About those Blue Notes...
A few weeks ago, I groused in this space about the tendency of audiophile LP companies to reissue the same jazz titles over and over. Yes, the pressings are nice and thick, the sound generally excellent, but I called on their proprietors to stretch a bit. I mentioned some untapped labels, some (I hope) intriguing direct-to-disc possibilities, and other random oversights.
I also noted that if the ’philes were determined to perpetuate the Blue Note mystique (for understandable reasons, both commercial and artistic), the label did produce several masterworks that have gone curiously passed over, among them Wayne Shorter’s Speak No Evil, Jackie McLean’s Let Freedom Ring, Andrew Hill’s Point of Departure, and Eric Dolphy’s Out to Lunch--all, admittedly, more adventurous than Hank Mobley or Coltrane’s Blue Train, but still melodic and accessible.
Well, it turns out that Music Matters Jazz has been on my wavelength for months now, but my radar was turned off. This latest of the Blue Note reissue houses is run by Ron Rambach and Joe Harley (the latter of AudioQuest), with mastering by the peerless team of Steve Hoffman and Kevin Gray (of AcousTech)
And they’ve released 45 rpm, stereo, gatefold-cover reissues of Dolphy’s Out to Lunch, Wayne Shorter’s Juju (arguably better than Speak No Evil), Jackie McLean’s Bluesnik, among several dozen others. They’re currently shipping Joe Henderson’s Our Thing (a hard-to-find great one with Kenny Dorham and Andrew Hill), two of guitarist Grant Green’s best (Matador, with McCoy Tyner and Elvin Jones, and Talkin’ About! with Jones and Larry Young). And upcoming titles this spring include, among other goodies…Hill’s Point of Departure.
When Music Matters Jazz first hit the scene in 2008, I wrote about it in this space somewhat dismissively. I was grumbling about the umpety-umpth reissue of Blue Train, about the deification of Rudy Van Gelder (and, with it, the neglect of unsung engineering masters like Columbia’s Fred Plaut and Contemporary’s Roy DuNann), and I carelessly threw MMJ into the pile. I did observe that one of their first two titles, Horace Parlan’s Speakin’ My Peace, was one of the best-sounding Blue Notes I’d ever heard—which should have moved me to pay attention, but I didn’t. As I said, they dropped off my radar screen.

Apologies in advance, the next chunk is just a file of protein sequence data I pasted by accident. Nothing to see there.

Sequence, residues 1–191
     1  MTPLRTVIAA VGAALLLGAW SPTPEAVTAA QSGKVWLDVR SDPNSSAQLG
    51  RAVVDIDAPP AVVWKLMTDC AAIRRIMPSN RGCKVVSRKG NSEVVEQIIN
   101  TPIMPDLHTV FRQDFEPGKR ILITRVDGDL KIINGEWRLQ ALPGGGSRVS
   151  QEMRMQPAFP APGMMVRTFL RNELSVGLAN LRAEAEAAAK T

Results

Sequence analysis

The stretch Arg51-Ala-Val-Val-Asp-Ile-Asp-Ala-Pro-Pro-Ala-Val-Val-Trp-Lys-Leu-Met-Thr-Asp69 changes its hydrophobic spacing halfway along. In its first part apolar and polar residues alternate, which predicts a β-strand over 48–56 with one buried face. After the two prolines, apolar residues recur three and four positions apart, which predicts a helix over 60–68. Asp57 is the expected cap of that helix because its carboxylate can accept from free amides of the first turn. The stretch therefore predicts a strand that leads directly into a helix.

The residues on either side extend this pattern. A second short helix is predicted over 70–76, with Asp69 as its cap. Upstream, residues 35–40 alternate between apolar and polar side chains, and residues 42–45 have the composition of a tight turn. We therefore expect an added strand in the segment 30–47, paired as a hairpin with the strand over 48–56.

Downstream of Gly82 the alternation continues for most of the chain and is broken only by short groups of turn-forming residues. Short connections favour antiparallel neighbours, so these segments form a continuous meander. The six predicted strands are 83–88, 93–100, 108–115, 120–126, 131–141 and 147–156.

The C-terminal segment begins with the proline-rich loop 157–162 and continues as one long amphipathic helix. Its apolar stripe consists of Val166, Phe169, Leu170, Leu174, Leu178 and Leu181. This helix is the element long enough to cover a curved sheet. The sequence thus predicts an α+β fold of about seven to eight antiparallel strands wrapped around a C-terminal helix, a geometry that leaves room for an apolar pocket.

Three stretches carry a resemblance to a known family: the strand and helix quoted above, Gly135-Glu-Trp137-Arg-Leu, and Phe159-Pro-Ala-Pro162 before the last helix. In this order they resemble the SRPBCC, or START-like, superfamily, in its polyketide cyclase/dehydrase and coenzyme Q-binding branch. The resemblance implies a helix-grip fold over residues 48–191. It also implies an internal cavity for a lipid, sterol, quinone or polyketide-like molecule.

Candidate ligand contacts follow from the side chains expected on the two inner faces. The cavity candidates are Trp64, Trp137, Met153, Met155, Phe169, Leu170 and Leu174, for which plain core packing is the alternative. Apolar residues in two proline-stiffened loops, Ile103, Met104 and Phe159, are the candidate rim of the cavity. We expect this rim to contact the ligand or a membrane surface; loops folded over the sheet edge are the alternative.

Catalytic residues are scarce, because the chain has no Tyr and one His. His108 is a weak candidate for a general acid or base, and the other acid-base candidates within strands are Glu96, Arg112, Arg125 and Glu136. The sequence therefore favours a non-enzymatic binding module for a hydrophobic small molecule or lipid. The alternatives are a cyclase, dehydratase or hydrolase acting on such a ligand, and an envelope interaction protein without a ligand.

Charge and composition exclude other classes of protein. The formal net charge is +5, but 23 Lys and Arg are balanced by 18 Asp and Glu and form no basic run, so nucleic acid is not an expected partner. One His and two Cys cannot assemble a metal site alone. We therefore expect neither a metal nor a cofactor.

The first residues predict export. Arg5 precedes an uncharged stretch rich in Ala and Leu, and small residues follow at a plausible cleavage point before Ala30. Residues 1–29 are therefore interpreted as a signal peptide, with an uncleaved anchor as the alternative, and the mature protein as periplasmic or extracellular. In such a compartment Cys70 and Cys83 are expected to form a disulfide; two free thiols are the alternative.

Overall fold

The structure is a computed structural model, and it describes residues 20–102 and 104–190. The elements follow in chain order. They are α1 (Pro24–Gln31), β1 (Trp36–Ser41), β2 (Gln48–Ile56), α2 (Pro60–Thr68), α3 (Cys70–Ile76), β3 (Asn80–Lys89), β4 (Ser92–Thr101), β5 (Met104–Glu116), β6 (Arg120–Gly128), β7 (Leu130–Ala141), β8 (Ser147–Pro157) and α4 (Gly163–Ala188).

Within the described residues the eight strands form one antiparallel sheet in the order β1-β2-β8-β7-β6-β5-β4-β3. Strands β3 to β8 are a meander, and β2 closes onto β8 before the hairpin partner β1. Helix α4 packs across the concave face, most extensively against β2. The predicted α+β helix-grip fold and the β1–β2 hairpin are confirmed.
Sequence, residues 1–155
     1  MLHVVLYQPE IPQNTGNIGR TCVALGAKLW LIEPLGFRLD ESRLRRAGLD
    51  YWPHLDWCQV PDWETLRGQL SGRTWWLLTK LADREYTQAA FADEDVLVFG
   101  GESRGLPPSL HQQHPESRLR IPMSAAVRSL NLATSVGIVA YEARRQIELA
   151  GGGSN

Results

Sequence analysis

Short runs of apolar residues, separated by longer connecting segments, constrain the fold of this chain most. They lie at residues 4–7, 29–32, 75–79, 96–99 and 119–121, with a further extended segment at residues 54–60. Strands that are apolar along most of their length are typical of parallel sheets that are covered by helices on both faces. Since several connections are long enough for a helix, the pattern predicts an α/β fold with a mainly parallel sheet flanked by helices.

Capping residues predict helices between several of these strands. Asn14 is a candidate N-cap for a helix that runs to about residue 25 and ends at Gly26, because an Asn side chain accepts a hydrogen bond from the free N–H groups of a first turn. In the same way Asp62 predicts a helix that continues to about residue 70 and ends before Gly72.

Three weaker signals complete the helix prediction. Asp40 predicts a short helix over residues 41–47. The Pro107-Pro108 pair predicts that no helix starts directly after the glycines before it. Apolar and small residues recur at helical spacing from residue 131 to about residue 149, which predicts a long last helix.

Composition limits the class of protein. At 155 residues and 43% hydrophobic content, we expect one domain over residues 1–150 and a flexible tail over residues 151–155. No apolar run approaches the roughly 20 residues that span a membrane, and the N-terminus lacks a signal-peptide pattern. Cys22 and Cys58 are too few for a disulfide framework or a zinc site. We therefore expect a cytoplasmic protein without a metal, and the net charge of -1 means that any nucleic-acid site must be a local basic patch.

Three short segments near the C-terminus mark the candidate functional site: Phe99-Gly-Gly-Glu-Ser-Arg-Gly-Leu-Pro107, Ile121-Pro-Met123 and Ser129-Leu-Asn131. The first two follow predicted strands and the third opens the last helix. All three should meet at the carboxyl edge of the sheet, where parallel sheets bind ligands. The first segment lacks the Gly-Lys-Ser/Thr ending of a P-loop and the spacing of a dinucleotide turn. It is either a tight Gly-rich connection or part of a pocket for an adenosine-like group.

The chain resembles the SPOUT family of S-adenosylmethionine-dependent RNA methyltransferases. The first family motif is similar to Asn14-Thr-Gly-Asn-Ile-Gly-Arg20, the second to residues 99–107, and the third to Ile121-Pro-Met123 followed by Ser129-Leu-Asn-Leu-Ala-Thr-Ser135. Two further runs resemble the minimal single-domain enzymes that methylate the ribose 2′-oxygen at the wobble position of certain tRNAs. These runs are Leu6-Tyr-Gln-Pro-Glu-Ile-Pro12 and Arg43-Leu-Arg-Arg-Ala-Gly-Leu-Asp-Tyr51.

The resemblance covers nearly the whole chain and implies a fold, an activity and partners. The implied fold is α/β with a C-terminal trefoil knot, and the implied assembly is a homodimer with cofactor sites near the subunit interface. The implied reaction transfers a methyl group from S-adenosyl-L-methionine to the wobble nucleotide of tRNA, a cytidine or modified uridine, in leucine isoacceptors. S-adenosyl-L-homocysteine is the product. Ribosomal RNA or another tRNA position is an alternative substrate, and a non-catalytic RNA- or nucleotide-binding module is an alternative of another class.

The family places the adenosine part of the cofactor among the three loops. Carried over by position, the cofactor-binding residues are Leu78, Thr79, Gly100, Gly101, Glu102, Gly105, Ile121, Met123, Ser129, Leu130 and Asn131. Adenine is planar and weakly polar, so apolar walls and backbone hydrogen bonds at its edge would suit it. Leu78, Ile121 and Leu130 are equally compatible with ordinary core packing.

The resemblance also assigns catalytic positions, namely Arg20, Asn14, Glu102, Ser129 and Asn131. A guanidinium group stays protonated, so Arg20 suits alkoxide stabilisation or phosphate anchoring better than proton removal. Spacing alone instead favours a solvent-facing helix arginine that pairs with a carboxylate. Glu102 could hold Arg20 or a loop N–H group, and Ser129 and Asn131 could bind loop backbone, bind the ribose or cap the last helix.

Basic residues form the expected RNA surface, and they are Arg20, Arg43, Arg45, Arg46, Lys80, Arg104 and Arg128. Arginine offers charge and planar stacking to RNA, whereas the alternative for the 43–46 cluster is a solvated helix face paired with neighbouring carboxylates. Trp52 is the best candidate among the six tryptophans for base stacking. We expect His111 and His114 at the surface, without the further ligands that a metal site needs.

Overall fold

Then I wrote the blog last month, and a few readers, including Joe Harley, commented that several of the alleged oversights had been well covered by MMJ.
So I acquired a copy of the 45 rpm, 2-LP pressing of Dolphy’s Out to Lunch (it’s out of print but still available at some of the label’s vendors). And let me tell you: Wow!
First, these are the quietest pressings I have ever heard (or not heard). Second, the sound is superior to the original 1964 pressing in every way (I’ve long owned a copy that’s in excellent condition). Bobby Hutcherson’s vibes ring and reverberate; Tony Williams’ drumkit makes you blink; Dolphy and Freddie Hubbard’s horns are spot-on; and Richard Davis’ bass plucks and strums like a wood upright bass. When I first A/B’d the MMJ and the original, I thought the former cut off some deep bass, but on second hearing, I realized that the original pressing was boosted a bit around 50 Hz (common back in the day when almost no hi-fi gear could dip that low).
So my sensors are switched on now to the Music Matters Jazz schedule, and so should yours be. Each title retails for $50 a pop, but (a) try finding an original pressing in good condition any cheaper (hint: you won’t), and (b) so does each title offered by those other audiophile houses that make 45 rpm Blue Notes—Analogue Productions and Classic Records. May they all live and prosper.